A Pug Learns to Listen to Her Guardians and Stop Being So Reactive to Unknown Dogs

By: David Codr

Published Date: July 7, 2015

Lucy and Zoey 1

For this special 4th of July session of Dog Gone Problems, I traveled to El Segundo to work with Lucy (front) and Zoey. Their guardian called me in primarily to work with Lucy who is fearful and reactive to large dogs after a bad run in with one.

When I met them in person, I noticed that the dogs showed zero respect of the personal space of their family members, jumping up on them and nudging them for attention. While this wasn’t the issue I was called in to help with, it is certainly linked to the issue. When a dog doesn’t have the proper respect for their humans, it often leads to a dog thinking it needs to control things on its own.

To start changing the leader follower dynamic in the home, I showed their guardians how to define their personal space. By using movement and body language, their guardian was able to get the dogs to start respecting a small bubble of personal space around them.

Lucy and Zoey 3

While running through this technique, I noticed that often one of the dogs would respond or follow a command right away and the other wouldn’t or would do so much later. This often happens in homes with multiple dogs where the humans pull out a treat for each dog despite how well a dog responds. I suggested that in the future they only pull out one treat and giving that treat to the first dog to comply. By only rewarding the first dog to obey, we can use jealousy to motivate the dogs to respond quicker as their is no reward for second place. Once the dogs start obeying at the same time, then their guardians can go back to giving each dog a treat.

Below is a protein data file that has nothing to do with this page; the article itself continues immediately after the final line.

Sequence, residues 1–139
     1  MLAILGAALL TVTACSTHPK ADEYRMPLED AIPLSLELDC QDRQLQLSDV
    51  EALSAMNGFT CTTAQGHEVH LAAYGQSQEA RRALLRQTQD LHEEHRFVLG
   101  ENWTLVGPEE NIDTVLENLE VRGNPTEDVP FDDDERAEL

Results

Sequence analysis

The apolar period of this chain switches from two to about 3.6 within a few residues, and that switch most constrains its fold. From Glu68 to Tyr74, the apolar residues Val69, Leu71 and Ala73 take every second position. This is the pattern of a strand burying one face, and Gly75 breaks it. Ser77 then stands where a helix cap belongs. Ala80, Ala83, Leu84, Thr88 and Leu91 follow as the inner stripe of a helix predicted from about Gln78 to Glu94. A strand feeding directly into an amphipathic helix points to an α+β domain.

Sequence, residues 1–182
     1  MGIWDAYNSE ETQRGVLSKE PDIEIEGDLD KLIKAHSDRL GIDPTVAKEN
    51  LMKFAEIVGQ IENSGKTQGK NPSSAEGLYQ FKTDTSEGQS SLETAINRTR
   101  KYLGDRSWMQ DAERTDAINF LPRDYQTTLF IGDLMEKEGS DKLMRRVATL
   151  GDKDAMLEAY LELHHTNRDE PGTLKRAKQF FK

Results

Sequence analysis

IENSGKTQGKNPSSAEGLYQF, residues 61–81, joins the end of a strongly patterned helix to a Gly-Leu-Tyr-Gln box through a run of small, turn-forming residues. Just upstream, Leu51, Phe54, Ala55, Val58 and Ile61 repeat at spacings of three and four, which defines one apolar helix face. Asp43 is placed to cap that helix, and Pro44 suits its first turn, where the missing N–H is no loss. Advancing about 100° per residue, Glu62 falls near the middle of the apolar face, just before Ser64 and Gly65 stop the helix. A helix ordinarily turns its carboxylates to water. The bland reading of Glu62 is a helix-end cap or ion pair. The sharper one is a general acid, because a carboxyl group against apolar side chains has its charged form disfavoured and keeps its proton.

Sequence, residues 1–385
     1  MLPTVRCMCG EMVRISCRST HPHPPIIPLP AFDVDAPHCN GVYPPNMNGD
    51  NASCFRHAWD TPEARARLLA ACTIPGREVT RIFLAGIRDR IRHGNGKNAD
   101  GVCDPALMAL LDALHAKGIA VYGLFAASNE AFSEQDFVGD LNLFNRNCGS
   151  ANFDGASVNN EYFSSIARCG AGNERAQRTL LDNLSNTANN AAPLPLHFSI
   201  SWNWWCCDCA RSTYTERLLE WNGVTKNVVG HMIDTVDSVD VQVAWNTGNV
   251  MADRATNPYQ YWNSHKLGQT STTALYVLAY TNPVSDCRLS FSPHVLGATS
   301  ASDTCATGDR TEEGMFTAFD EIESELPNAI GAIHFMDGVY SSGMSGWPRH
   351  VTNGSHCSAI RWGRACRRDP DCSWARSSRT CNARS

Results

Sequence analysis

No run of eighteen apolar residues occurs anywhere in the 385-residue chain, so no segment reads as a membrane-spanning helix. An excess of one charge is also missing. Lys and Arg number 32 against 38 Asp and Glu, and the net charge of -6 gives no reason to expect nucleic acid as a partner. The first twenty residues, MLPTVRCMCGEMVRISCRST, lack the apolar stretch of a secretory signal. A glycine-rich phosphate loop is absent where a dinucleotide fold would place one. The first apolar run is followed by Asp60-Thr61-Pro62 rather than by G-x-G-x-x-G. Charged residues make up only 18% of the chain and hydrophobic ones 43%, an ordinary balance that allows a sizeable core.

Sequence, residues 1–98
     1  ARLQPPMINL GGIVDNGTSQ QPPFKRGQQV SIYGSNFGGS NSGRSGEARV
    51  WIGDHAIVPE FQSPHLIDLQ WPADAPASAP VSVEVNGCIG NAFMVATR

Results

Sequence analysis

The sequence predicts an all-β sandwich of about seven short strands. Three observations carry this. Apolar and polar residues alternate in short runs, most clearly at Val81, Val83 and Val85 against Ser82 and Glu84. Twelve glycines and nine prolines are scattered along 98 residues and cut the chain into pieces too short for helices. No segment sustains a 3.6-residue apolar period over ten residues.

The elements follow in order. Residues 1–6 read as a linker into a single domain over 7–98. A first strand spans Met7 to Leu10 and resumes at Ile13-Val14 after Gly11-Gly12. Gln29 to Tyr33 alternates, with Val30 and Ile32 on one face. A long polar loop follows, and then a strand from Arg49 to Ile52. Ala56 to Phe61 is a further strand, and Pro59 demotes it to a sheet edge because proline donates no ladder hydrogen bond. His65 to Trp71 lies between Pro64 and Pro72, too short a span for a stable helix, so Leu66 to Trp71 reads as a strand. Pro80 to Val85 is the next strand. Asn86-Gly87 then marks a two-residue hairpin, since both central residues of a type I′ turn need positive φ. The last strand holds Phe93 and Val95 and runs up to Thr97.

To help the dogs learn to develop an ability to self restrain, I ran through a leadership exercise I developed. This exercise involves placing a high value item on the floor in the middle of the room then communicating to the dog that it is to leave it alone by claiming it as another dog would. The human establishes a boundary of three feet around the object then corrects the dog the instant it crosses this boundary. By correcting the dog the second it violates the boundary, we can communicate to the dog exactly where the border is.

Only after the dog stays behind the boundary and lays down to communicate that they give up do I let them have the treat. I ran through the exercise a few times then coached their guardian through it until she got the same result.

Lucy and Zoey 4

In addition to letting the dogs practice restraining themselves, this exercise also helps the dog see the human as the authority figure. This is a key component in this rehabilitation as the dog needs to feel that the humans have the situation under control in order to stop reacting when it sees or encounters another dog.

We tested out how well the dogs understood and retained the lesson of respecting boundaries later in the session. I suggested that the family institute a new rule that the dogs could not come in through an open door way unless the human gives them permission first.

At first the dogs were a little confused, but they quickly understood and stayed outside the doorway on their own.

Lucy and Zoey 6

To see what sort of state of mind the dogs went to on a walk, I had their guardian go through the process of leashing them up for a walk. As soon as the dogs realized that the human was getting a leash, they started to get over excited, barking, whimpering, running around and jumping up.